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Industrial Plankton collaborates with HPU’s Oceanic Institute to increase engagement in aquaculture for native Hawaiian students

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The Oceanic Institute of Hawai’i Pacific University has been a cornerstone in aquaculture for decades. Their shrimp breeding program is world renowned, and their ornamental breeding facility is home to the first fully aquacultured yellow tangs.

Through a US Dept. of Education grant designed to increase native Hawaiian student engagement in STEM disciplines using aquaculture, Oceanic Institute was able to renovate an aquaculture teaching space and secure funding to install algae bioreactors from Industrial Plankton. The bioreactors came to Oceanic Institute at a critical time when their operations were looking at needing an algae lab expansion to support their increasing demands on their algae department.

The two time-machine-like algae bioreactors landed in Hawai’i in April of 2022 and are growing two critical strains of algae for their programs: Chaetoceros muelleri and Tisochrysis lutea. Chaetoceros muelleri is required to feed the larval and post-larval shrimp that the shrimp research program uses to proliferate their family lines. Oceanic Institute pioneered the development of specific pathogen-free (SPF) shrimp stocks, which are used to enhance breeding programs worldwide. These family lines are the oldest continuously maintained lineages of Litopenaeus vannamei globally, so biosecure algae is a must.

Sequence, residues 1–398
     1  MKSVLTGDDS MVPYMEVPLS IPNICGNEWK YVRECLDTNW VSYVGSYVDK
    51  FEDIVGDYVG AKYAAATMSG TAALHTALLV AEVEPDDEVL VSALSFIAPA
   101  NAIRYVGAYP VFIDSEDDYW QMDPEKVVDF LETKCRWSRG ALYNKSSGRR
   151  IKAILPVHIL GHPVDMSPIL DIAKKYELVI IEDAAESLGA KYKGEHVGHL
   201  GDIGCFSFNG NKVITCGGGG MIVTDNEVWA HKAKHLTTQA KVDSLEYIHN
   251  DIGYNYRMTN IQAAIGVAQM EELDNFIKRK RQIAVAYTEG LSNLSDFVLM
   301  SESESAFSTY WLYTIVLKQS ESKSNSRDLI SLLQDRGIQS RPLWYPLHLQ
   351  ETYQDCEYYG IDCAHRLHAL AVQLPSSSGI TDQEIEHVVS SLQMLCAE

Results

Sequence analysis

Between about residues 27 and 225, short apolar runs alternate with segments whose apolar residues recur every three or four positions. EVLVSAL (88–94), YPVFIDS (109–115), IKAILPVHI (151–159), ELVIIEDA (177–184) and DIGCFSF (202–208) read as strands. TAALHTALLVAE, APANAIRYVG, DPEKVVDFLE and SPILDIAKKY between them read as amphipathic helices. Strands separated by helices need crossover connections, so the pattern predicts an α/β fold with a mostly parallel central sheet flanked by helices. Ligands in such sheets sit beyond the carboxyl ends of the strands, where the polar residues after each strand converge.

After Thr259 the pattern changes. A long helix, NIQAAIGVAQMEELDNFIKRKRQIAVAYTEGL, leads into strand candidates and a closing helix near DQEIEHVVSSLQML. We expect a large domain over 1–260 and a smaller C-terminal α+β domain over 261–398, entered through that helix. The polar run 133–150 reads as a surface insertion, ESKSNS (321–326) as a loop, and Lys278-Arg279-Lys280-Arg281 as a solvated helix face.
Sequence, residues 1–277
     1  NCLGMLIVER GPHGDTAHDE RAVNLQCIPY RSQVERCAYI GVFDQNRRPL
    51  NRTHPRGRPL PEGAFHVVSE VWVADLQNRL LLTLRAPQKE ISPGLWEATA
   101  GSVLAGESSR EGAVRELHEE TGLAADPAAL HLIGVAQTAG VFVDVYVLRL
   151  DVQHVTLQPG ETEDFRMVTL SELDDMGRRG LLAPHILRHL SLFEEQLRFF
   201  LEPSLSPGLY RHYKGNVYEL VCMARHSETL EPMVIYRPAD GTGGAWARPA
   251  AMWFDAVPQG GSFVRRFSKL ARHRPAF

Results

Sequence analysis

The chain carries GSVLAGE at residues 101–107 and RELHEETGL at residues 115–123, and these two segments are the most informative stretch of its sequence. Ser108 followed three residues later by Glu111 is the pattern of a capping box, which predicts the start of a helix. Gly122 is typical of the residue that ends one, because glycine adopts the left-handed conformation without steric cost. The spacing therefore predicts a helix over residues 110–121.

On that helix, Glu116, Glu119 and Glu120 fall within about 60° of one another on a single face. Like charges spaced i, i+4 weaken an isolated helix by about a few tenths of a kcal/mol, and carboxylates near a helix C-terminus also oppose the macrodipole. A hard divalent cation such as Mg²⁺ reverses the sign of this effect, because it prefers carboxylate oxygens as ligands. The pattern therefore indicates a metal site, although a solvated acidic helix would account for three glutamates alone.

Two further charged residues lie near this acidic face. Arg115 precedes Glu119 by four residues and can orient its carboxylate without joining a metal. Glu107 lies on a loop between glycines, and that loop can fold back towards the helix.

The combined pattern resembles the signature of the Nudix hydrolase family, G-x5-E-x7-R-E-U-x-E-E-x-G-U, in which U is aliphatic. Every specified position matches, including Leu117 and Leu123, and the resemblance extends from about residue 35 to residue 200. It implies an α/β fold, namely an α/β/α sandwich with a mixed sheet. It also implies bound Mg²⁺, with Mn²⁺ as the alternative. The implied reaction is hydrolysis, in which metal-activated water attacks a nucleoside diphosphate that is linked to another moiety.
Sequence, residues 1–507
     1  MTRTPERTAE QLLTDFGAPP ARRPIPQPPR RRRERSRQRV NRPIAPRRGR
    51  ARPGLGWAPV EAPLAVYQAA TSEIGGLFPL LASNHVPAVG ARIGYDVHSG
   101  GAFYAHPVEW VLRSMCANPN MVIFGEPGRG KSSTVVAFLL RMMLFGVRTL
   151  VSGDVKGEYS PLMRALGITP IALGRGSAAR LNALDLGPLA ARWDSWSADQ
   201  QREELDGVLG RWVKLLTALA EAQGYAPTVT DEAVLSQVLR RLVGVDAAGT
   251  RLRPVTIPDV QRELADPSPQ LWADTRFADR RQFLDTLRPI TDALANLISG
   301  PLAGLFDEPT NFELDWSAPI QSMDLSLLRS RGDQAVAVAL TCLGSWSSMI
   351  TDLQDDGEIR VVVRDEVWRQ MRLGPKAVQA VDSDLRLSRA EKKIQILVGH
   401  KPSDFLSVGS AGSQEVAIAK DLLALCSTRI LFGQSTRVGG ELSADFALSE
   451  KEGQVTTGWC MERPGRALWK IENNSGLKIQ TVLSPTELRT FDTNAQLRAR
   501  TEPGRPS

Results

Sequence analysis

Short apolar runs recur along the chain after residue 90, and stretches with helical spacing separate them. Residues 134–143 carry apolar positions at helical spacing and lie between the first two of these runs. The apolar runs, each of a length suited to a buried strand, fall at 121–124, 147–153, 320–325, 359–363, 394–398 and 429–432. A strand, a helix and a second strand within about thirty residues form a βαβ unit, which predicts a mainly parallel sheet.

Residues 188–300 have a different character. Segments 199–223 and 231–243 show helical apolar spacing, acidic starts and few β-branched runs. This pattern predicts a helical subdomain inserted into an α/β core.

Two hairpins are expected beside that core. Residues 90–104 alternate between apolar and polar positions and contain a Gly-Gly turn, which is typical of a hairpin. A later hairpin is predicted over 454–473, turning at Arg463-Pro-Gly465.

Any C. muelleri which doesn’t go to the shrimp will go to the ornamental breeding program to feed their Parvocalanus sp. copepods. When Dr. Chatham Callan’s team first broke the code on raising larval yellow tangs, these copepods were critical as a first feed, and they continue to be vital in scaling up the production of their yellow tang. Since Hawai’i closed the ornamental fishery to protect their natural resource, the work of Dr. Callan’s

Carmen Hoyt, phycologist.

lab has become even more critical to the ornamental fish industry.

The T. lutea serves two functions: it is used as background algae (or “green-water”) for the larval tanks or as a feed for the copepods. Using live algae

Freshly hatched L. vannamei nauplii and eggs. Parvocalanus sp. copepods.

as “green-water” has the benefits of all green-water techniques in that it provides a backdrop for efficient feeding and lowers stress for the larvae, but it also provides an ecosystem service as live algae can consume nitrogenous waste in the water.

In addition to providing additional highquality algae to fish and shrimp, these bioreactors will serve as invaluable teaching equipment.

Using these reactors, students at Hawai’i Pacific University will learn how the fundamentals of algae culture (light, nutrients, pH, etc.) are also crucial in the context of global ocean systems. The demonstration of these interactions in realtime will allow for a unique and dynamic learning experience that can impact students beyond the aquaculture space.

Industrial Plankton is thrilled to be working with the world-class shrimp and ornamental breeding teams at Oceanic Institute and overwhelmingly proud to be supporting two amazing missions, especially as they help increase the engagement of minorities in aquaculture.

More information: www.industrialplankton.com Hawai’i Pacific University